Colorado Attorney General Cynthia Coffman says an anonymous tip line like her state’s Safe2Tell could have prevented the Florida school shooting. Other states are creating similar tip lines, both for getting alerts to potential school violence and for suicides.
In what could be a model for other school districts, the Mad River Local Schools near Dayton have installed 32 safes among its schools, each containing a semiautomatic pistol and a removable magazine loaded with bullets.
Conservative commentators have seized on an unlikely target: an Obama-era guidance document that sought to rein in the suspensions and expulsions of minority students. Critics argue that any relaxation of disciplinary efforts could let a killer slip through the cracks. President Trump says the commission led by Education Secretary Betsy DeVos would examine the guidance.
The state’s program has stopped bomb threats, suicides, murders, and prevented people from getting continuously bullied or threatened. It isn’t perfect, but it has saved lives and even won support from the ACLU, writes a former LAPD commander.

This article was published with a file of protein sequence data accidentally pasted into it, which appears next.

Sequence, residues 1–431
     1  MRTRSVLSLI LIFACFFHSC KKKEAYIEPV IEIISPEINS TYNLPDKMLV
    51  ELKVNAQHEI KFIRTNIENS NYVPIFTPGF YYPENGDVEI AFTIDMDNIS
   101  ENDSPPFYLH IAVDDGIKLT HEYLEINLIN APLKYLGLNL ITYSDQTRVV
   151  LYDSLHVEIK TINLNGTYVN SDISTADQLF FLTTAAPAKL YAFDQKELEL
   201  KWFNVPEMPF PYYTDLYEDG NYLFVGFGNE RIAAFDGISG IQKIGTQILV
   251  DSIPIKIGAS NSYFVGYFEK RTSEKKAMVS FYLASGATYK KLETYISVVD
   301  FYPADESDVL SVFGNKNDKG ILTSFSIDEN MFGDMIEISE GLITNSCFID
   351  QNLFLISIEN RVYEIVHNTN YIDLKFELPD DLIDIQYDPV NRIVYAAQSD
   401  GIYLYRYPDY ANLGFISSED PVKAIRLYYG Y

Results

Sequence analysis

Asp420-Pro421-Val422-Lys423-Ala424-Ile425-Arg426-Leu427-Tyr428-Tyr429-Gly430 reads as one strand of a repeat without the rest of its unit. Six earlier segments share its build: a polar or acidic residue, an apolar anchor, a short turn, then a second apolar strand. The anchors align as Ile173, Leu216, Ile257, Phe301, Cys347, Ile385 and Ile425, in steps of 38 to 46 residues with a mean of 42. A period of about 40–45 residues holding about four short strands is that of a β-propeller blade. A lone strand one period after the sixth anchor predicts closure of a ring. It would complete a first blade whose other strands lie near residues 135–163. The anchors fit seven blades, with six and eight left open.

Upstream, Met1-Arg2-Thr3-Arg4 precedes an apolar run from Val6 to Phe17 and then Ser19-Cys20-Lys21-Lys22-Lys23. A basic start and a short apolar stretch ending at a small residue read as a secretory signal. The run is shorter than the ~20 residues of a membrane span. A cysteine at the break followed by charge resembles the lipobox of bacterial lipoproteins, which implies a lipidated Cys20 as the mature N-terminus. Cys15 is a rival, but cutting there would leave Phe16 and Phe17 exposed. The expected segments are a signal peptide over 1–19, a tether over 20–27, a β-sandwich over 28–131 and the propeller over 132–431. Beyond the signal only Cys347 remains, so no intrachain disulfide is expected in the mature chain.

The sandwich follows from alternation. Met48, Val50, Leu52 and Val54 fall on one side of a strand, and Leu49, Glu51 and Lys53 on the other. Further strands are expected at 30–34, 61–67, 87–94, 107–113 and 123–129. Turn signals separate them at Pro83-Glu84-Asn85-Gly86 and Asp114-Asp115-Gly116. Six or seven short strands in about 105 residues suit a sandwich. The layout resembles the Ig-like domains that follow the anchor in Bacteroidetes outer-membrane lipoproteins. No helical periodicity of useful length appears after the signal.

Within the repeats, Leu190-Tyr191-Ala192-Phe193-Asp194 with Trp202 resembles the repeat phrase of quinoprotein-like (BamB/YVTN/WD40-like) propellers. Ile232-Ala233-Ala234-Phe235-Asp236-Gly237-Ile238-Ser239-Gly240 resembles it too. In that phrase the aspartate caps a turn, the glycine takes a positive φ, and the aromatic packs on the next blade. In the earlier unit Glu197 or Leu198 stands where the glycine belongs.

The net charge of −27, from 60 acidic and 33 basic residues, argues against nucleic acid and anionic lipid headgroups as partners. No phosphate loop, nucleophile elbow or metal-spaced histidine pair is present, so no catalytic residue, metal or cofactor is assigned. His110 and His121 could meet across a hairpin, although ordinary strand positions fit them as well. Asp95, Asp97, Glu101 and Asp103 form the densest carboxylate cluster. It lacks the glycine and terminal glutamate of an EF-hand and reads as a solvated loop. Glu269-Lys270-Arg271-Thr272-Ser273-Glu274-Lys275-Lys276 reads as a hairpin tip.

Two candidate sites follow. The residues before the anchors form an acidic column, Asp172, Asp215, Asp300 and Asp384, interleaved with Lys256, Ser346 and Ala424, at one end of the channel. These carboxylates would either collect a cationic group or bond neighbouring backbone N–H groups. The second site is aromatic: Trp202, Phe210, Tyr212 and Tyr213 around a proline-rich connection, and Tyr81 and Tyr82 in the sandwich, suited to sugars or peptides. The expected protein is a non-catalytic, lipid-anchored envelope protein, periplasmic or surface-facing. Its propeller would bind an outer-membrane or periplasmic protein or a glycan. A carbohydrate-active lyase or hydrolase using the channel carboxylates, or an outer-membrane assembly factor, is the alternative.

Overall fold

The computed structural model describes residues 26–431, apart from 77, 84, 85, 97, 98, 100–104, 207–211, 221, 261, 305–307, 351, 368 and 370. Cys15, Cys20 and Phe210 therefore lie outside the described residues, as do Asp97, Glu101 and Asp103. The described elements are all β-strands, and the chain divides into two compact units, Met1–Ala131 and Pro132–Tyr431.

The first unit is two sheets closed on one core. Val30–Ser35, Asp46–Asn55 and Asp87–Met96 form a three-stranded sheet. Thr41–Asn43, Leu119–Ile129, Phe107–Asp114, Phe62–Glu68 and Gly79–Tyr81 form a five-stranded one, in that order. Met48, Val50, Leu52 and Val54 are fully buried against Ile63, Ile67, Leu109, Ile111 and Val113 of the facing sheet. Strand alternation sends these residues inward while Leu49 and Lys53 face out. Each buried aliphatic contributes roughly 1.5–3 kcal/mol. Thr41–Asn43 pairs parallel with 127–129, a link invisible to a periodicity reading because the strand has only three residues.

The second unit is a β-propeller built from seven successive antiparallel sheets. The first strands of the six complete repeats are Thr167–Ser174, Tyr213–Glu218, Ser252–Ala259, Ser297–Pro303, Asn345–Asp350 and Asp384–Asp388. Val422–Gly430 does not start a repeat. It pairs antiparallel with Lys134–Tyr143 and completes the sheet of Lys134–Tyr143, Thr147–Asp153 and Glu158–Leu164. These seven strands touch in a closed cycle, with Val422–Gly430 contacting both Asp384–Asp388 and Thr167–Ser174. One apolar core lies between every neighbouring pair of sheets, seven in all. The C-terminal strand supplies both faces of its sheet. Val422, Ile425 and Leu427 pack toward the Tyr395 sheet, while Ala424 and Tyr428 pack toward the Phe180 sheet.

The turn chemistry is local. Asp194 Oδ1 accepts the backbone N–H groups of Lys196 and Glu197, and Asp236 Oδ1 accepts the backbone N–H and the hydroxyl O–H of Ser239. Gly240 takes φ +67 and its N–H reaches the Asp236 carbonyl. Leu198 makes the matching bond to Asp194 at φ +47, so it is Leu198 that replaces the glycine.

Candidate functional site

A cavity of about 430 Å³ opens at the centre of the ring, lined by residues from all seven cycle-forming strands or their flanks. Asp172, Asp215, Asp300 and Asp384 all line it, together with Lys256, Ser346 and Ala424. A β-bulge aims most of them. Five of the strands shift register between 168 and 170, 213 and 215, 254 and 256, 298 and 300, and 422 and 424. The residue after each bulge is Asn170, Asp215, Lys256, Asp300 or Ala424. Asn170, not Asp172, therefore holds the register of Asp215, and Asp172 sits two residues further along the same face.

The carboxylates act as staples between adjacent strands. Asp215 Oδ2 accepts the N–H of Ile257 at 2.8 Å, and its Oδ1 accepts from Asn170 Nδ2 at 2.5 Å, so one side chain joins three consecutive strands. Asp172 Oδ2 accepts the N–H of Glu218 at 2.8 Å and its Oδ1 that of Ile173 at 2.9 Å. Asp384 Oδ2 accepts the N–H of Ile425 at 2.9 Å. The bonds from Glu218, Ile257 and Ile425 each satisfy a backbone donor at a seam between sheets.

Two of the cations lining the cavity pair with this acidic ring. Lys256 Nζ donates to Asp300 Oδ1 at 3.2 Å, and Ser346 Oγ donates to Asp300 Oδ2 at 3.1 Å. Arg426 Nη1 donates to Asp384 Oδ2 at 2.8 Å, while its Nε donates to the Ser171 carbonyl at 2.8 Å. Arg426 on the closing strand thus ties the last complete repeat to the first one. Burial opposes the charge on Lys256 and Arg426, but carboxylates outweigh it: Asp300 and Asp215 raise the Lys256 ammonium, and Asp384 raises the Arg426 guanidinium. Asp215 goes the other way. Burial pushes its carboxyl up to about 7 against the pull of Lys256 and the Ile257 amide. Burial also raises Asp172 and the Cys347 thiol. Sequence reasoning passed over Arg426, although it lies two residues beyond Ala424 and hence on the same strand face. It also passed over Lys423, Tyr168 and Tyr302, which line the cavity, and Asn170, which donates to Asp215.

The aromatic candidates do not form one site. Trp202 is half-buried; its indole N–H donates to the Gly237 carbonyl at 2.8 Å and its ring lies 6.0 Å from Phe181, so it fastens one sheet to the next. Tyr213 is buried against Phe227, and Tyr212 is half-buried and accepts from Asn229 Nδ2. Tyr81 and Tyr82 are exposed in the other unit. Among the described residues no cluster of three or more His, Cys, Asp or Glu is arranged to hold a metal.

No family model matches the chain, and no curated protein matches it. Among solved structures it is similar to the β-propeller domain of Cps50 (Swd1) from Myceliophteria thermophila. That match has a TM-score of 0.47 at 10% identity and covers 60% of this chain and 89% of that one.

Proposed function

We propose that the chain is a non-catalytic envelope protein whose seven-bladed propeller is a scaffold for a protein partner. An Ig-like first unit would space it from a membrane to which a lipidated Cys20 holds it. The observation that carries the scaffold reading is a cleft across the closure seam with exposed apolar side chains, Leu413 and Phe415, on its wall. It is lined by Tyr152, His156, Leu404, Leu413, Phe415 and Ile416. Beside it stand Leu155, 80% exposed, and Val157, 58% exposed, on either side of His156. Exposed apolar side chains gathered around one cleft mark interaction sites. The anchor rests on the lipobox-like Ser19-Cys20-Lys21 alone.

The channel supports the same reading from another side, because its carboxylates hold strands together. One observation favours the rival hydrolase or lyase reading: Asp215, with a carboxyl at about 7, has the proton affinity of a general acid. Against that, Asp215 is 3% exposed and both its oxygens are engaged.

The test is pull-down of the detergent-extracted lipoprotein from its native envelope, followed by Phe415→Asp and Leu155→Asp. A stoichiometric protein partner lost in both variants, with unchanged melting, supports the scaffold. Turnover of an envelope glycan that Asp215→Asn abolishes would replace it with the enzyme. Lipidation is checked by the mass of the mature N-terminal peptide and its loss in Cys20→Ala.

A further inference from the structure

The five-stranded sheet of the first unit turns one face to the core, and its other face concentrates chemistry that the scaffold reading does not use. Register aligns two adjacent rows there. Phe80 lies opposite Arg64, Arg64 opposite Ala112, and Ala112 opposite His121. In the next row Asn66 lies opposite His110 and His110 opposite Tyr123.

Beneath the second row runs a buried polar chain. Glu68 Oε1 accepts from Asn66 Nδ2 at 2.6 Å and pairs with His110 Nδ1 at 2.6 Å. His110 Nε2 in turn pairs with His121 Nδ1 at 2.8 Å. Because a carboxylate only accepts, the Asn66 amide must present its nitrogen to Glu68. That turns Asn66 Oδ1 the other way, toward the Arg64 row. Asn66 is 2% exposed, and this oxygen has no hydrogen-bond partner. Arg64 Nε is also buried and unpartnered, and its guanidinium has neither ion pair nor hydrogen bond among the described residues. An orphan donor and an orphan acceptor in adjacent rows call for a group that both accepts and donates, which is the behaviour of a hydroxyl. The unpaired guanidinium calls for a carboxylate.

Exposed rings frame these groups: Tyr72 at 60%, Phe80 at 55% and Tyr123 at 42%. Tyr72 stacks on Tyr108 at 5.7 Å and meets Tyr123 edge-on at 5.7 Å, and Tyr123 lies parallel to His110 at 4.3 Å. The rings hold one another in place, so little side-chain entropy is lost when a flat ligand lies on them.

Scot Peterson, the Florida school deputy who drew national condemnation for failing to confront the Stoneman Douglas shooter, says his decision to not enter the building was made not out of cowardice but from his best assessment of the situation. Peterson, who has been criticized by President Trump, resigned after he was suspended.
Florida House Speaker Richard Corcoran calls for a wide-ranging investigation after it was disclosed that a sheriff’s deputy on duty at the high school where 17 people were killed on Valentine’s Day didn’t enter the building during the massacre.
President Trump tweeted that Florida neighbors and classmates should have reported 19-year-old Nikolas Cruz to authorities after he first exhibited disturbing behavior. People did, over and over, but the system didn’t stop him from buying a gun.
The president made no reference to gun laws but vowed to “tackle the difficult issue of mental health.” Two cabinet members say Congress should take unspecified actions after the Florida school massacre.